A Pending Crisis of Overlap

Image: Flickr, CIFOR
Image: Flickr, CIFOR

The many layers of regional organisation complicate trade agreements on and off the continent

REGIONALISATION has become the global game. The World Bank estimates that between 40% and 60% of world trade occurs within regional trading blocs. But Africa’s appetite for integration outstrips that of any other continent, according to a study by the Harvard Institute for International Development. This has led to an unsustainable situation where African countries often belong to four or more regional entities simultaneously.

A close examination of the various regional structures and agreements in southern Africa highlights the potential problems of overlapping membership, particularly among those with commit-ments to forming a customs union with common external tariffs and those negotiating economic partnership agreements with the European Union. Within southern Africa there are a number of regional integration agreements and bilateral agreements taking place within the context of the worldwide multi-lateral trading system. These include (among others):

  • Southern African Customs Union (SACU)
  • Southern African Development Community (SADC)
  • Common Market for Eastern and Southern Africa (COMESA)
  • East African Community (EAC)
  • Indian Ocean Commission (IOC)
  • Economic Community of Central African States (ECCAS).

While the existence of numerous agreements within the region in itself is not a problem – although it does mitigate the benefits to be obtained from integration – overlapping membership between the groupings has the potential to cause conflict and certainly imposes greater transaction costs on the business communities and governments. As these regional groupings move toward deeper trade and economic integration, these problems become more severe. The move toward free trade areas within the above groupings has so far been technically possible. But the next stage – establishing a customs union – is not.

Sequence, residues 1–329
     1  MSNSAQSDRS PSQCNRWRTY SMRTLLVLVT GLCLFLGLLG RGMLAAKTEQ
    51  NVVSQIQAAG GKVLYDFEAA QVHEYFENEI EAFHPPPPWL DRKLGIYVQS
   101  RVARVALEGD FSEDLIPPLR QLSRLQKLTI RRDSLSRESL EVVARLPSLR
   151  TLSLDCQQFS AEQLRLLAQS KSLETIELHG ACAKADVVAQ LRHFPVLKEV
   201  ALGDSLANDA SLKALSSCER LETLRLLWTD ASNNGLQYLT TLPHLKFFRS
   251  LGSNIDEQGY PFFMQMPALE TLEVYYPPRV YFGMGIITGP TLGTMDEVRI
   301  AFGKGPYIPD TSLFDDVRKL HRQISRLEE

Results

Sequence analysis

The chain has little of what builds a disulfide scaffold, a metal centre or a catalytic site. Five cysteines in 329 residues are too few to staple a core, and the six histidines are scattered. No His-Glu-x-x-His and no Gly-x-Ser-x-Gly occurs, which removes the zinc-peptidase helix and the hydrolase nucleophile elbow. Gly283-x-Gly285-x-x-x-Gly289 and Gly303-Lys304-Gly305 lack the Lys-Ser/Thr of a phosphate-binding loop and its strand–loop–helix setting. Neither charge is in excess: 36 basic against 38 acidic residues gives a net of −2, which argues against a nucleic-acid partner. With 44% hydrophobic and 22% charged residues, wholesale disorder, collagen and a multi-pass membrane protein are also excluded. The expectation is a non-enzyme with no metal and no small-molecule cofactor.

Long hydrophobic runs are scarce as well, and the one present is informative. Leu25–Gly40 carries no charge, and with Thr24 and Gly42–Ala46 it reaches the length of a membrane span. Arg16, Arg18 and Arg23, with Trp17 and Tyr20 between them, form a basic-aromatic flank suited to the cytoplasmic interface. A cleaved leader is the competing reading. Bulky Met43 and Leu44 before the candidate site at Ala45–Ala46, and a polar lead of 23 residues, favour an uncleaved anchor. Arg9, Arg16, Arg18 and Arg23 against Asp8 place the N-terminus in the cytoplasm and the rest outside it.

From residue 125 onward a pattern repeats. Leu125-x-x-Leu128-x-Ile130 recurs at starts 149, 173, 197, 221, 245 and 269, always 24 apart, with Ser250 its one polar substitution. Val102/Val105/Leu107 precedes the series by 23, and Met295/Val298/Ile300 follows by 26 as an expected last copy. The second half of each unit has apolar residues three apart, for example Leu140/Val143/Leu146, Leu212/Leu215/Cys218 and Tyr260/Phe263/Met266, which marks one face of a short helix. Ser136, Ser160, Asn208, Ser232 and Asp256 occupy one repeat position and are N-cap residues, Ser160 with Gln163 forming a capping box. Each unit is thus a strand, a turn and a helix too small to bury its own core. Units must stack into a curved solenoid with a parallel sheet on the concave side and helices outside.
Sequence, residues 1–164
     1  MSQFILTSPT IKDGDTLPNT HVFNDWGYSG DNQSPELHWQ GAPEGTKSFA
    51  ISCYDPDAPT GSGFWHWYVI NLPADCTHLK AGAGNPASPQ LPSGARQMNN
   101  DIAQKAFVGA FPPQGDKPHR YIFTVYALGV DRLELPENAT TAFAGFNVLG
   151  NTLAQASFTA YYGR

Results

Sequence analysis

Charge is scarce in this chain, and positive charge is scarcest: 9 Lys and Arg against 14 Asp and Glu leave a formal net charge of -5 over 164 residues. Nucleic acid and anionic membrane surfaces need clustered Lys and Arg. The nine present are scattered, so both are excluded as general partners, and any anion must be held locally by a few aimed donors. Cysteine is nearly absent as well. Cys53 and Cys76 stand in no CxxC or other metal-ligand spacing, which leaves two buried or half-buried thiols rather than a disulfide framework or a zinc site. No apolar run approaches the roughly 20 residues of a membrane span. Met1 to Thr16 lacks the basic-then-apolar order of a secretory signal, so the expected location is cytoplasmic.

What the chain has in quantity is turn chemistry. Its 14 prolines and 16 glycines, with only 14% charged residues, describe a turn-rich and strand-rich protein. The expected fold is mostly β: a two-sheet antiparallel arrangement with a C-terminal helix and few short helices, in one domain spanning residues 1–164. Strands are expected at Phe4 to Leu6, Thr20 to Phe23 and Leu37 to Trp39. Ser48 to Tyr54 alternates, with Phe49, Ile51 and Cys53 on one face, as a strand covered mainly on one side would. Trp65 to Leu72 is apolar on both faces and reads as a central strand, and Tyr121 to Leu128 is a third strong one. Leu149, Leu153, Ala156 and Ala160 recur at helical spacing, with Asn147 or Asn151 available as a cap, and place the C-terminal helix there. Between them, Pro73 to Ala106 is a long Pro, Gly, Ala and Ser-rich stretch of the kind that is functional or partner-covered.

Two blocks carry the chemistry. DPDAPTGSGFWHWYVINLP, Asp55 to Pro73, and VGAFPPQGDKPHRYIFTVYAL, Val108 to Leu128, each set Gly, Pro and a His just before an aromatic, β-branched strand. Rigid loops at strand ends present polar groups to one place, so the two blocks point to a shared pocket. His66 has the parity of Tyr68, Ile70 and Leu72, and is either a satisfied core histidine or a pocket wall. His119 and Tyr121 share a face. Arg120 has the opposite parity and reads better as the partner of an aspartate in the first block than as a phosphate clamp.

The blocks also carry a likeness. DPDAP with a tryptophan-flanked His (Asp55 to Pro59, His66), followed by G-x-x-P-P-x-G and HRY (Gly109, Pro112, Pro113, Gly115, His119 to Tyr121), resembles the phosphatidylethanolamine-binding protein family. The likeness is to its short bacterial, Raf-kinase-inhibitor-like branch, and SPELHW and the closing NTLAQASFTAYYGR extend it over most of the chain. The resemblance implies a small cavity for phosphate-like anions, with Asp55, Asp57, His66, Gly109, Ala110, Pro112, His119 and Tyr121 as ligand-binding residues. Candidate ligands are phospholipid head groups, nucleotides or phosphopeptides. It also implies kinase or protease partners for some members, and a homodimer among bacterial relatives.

Within a free trade area each country has autonomous control of their external trade agreements, but they cannot give more preferential treatment to any third party than they give to the current members of the FTA. Within a customs union, however, this autonomy is lost and each member of the CU must adopt the group’s common external tariff and apply this rate to all third parties. One country cannot realistically apply two different external tariffs.

This poses a major problem for the regional economic communities mentioned above, which have already implemented or are in the process of implementing a customs union. None of these groups is exclusive, with at least one member state belonging to another southern African entity. In the case of SADC, only Mozambique does not belong to another grouping – although discussions that may lead to Mozambique’s membership of SACU are underway. The overlapping multiple agreements would not be such a problem if there was an overall plan to synchronise the common external tariff of each group so that in the end they would all form one large trading bloc.

But such a long-term regional plan does not appear to be in place – other than the ultimate goal of establishing the African Economic Community by 2025.

Not only will there be theoretical, political, and logistical problems with all the above blocs attempting to form their own customs union, but the current agreements as they stand will be in contradiction of one another’s treaties. For example, Article XXXI paragraph 3 of the new SACU agreement prohibits members from entering into new agreements with third parties without the consent of the remaining member states. Thus, Swaziland cannot negotiate further with COMESA without the unlikely approval of the rest of SACU.